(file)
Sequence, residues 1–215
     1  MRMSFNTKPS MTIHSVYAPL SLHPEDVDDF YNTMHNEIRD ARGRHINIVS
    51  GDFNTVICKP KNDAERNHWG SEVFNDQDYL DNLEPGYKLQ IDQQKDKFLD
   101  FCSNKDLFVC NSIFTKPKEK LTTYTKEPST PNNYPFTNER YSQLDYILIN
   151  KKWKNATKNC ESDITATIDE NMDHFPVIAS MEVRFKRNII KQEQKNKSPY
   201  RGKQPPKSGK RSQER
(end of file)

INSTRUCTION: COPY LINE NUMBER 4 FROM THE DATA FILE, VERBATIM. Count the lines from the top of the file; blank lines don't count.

   101  FCSNKDLFVC NSIFTKPKEK LTTYTKEPST PNNYPFTNER YSQLDYILIN